Blum was an avid writer. He published several short stories, and recorded reminiscences, thoughts, and daily events in a series of notebooks. These notes were the basis for Life Answered, an unpublished autobiography (eventually, edited and completed by Frances Blum). Also included are extensive notes and writings on a variety of subjects, including his extensive travels to Tahiti. Writings by other authors consist of "critical statements about Jerome Blum" and some of Frances Blum's writings on Theodore Dreiser.
Arrangement and Series Description
The collection is arranged as 6 series. Correspondence consists of two portions, one arranged alphabetically and the other chronologically. Writings of Jerome Blum are alphabetized by title; those by others are arranged by author. Biographical Material and Printed Material are arranged alphabetically by folder title. Photographs are categorized by subject: artwork, people, and places.
- Series 1: Biographical Material, 1915-1933 (Box 1; Reel 2010; 4 folders)
- Series 2: Correspondence, 1915-1966, undated (Box 1; Reels D237, 2010; 0.4 linear ft.)
- Series 3: Writings, 1915-circa 1969, undated (Boxes 1-2; Reels D237, D238; 1.6 linear ft.)
- Series 4: Printed Material, 1916-1965, undated (Box 3; Reels D237, 2010; 0.4 linear ft.)
- Series 5: Artwork, 1930, undated (Box 4; Reel 2010; 2 folders)
- Series 6: Photographs, undated (Box 4; Reels D238, 2010; 0.1 linear ft.)
Subjects and Names
This collection is indexed in the online catalog of the Archives of American Art under the following index terms. People, families and organizations are listed under "Subjects" when they are the topic of collection contents and under "Names" when they are creators or contributors.
- Painting, Modern -- 20th century -- New York (State) -- New York
Types of Materials:
- Works of art
Most of the Jerome Blum papers were donated and loaned between 1965 and 1966 by Blum's widow, Frances Blum. Additional papers received in separate accessions were donated between 1965 and 1966 and microfilmed. A typescript copy of the final version of Life Answered was received in 1969.
Separated and Related Materials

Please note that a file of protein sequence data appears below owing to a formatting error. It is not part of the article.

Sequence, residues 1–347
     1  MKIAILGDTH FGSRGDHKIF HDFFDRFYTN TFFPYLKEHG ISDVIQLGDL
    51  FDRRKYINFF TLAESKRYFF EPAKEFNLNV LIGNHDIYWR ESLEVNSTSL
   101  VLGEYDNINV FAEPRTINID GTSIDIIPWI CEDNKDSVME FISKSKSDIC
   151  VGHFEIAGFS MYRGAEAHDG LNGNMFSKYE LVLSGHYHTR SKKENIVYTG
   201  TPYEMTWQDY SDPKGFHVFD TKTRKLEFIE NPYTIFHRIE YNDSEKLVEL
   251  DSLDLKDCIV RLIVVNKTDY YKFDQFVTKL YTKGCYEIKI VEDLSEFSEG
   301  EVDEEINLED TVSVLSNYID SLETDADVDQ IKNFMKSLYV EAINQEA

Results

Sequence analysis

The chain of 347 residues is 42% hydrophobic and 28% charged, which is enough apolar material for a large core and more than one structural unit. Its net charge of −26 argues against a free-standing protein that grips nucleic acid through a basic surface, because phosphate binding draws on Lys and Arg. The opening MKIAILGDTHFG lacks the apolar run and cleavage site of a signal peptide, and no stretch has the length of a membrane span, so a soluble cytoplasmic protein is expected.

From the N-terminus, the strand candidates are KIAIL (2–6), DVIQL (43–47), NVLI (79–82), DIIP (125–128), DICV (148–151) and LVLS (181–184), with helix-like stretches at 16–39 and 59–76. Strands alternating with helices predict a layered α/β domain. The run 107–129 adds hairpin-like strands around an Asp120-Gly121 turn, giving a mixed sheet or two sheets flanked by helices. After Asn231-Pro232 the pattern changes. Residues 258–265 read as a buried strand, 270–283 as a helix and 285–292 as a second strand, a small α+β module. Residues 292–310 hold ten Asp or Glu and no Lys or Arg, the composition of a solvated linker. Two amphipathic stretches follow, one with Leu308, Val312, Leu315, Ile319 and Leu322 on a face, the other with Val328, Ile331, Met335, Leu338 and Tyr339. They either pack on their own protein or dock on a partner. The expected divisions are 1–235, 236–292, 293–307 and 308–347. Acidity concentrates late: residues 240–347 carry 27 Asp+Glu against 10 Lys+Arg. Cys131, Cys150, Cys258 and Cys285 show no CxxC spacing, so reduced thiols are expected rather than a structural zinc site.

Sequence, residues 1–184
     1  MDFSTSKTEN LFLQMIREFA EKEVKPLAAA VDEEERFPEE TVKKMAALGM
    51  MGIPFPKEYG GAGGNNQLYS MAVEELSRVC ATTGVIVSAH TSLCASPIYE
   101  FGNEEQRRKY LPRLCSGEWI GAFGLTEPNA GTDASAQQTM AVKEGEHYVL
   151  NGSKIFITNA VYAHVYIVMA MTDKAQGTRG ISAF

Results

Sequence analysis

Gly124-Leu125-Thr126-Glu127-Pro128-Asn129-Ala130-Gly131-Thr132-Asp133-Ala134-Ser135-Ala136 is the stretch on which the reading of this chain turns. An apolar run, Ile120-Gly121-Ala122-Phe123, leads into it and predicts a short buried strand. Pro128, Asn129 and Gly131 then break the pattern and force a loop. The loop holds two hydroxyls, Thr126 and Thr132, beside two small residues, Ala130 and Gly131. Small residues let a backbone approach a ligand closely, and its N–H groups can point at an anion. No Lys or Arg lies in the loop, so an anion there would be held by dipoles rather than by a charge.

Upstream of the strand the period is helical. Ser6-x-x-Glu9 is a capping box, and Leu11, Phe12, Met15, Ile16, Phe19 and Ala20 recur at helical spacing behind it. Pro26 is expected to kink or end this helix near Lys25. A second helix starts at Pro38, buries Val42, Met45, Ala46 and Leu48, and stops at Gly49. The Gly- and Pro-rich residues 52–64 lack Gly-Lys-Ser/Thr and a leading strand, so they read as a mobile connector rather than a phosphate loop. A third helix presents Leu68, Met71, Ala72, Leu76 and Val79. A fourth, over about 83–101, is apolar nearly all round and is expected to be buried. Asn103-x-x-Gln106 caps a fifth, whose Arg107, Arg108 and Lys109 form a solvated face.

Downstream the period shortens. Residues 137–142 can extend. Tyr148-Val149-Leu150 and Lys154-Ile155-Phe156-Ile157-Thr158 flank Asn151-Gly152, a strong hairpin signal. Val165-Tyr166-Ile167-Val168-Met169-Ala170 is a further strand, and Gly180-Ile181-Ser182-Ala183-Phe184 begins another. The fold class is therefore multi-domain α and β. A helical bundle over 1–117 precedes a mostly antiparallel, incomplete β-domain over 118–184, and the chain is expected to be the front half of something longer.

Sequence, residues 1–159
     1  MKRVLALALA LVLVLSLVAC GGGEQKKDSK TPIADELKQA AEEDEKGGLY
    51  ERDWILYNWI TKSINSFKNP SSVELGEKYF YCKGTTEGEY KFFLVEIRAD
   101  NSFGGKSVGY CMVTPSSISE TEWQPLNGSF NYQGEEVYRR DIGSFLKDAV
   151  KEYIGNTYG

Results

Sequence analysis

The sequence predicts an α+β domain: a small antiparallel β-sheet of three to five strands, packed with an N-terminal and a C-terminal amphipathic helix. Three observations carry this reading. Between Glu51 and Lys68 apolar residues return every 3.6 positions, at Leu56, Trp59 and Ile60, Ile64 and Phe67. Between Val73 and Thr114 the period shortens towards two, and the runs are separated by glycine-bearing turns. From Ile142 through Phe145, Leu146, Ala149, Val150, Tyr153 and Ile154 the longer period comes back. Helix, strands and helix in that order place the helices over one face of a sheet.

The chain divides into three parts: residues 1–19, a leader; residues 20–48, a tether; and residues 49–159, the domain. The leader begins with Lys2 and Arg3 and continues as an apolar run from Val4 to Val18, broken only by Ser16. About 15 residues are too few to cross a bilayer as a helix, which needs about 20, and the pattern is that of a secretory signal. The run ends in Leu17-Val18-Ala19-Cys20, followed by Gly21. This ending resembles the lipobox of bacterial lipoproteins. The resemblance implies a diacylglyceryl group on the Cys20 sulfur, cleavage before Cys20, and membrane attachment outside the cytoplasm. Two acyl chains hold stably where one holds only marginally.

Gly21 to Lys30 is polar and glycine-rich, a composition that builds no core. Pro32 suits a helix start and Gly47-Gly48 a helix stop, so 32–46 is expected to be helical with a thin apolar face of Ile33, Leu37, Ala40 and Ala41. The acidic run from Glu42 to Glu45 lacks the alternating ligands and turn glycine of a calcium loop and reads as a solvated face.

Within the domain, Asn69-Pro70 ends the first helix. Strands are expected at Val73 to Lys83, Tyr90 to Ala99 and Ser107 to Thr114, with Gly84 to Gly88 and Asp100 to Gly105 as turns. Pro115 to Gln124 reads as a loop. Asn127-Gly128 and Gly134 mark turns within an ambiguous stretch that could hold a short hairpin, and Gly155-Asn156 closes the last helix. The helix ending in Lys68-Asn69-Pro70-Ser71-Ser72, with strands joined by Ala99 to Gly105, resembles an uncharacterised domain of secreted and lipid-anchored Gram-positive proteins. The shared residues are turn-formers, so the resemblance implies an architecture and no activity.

Portions of the collection were loaned for microfilming and subsequently returned to the donor, including typescripts of Sherwood Anderson's letters, most of Blum's Theodore Dreiser material and other writings, and scrapbooks. Although this material is not technically part of the collection housed in AAA, copies are available on microfilm reels D237 and D238.
How the Collection was Processed
Portions of the Jerome Blum papers received a preliminary level of processing at some point after donation. Material was typically microfilmed in the order that it was loaned or donated on reels D237-D238 and 2010. The entire collection was fully processed, arranged and described by Catherine S. Gaines in 2006. Researchers should note that the arrangement of the collection as described in this finding aid does not reflect the order of the collection on microfilm.
How to Use the Collection
Restrictions on Use
The collection is open for research. Use requires an appointment.
Ownership & Literary Rights
The Jerome Blum papers are owned by the Archives of American Art, Smithsonian Institution. Literary rights as possessed by the donor have been dedicated to public use for research, study, and scholarship. The collection is subject to all copyright laws.
Portions of the collection are available on 35mm microfilm reels D237-D238, and 2010 at Archives of American Art offices, and through interlibrary loan. Researchers should note that the arrangement of the collection as described in this finding aid does not reflect the order of the collection on microfilm.
How to Cite this Collection
Jerome Blum papers, 1915-circa 1969 (bulk 1919-1935). Archives of American Art, Smithsonian Institution.
Detailed Description and Container Inventory
Series 1: Biographical Material, 1915-1933
This series consists of a publisher agreement, Jerome Blum and Lucile Swan's marriage certificate, passports and the transcript of a radio broadcast of Thomas L. Stix of "America's Grub Street Speaks" interviewing Jerome Blum on the subject of "Art and the Weather."
|1||unfilmed||Agreement with Jonathan Cape and Harrison Smith, Inc., Publishers, 1929|
Marriage Certificate of Jerome Blum and Lucile Swan, 1919
(frames 822-825; 1920 passport unfilmed)
Transcript of Radio Broadcast, 1933
Correspondence, 1915-1966, undated
(Box 1; Reels D237, 2010; 0.4 linear ft.)
Correspondence with friends, relatives, colleagues, publishers, galleries, museums, and collectors documents Blum's personal and professional life. Noted correspondents include Sherwood Anderson, George Biddle, Kay Boyle, William Bullitt, Mary and Padraic Colum, Theodore Dreiser, Guy Pene Dubois, Max Eastman, John Duncan Ferguson, Buckminster Fuller, Emma Goldman, Frank Harris, Hapgood Hutchinson, Elizabeth Sparhawk-Jones, Rockwell Kent, Alfred Kreymborg, Allan Ross MacDougall,Waldo Peirce, Llewylyn Powys, George Seldes, Doris Stevens, Art Young, and Ossip Zadkine. An annotated list including many of these correspondents, with notes on their occupations and their relationship to the Blums, was supplied by Frances Blum and can be found at the beginning of this series.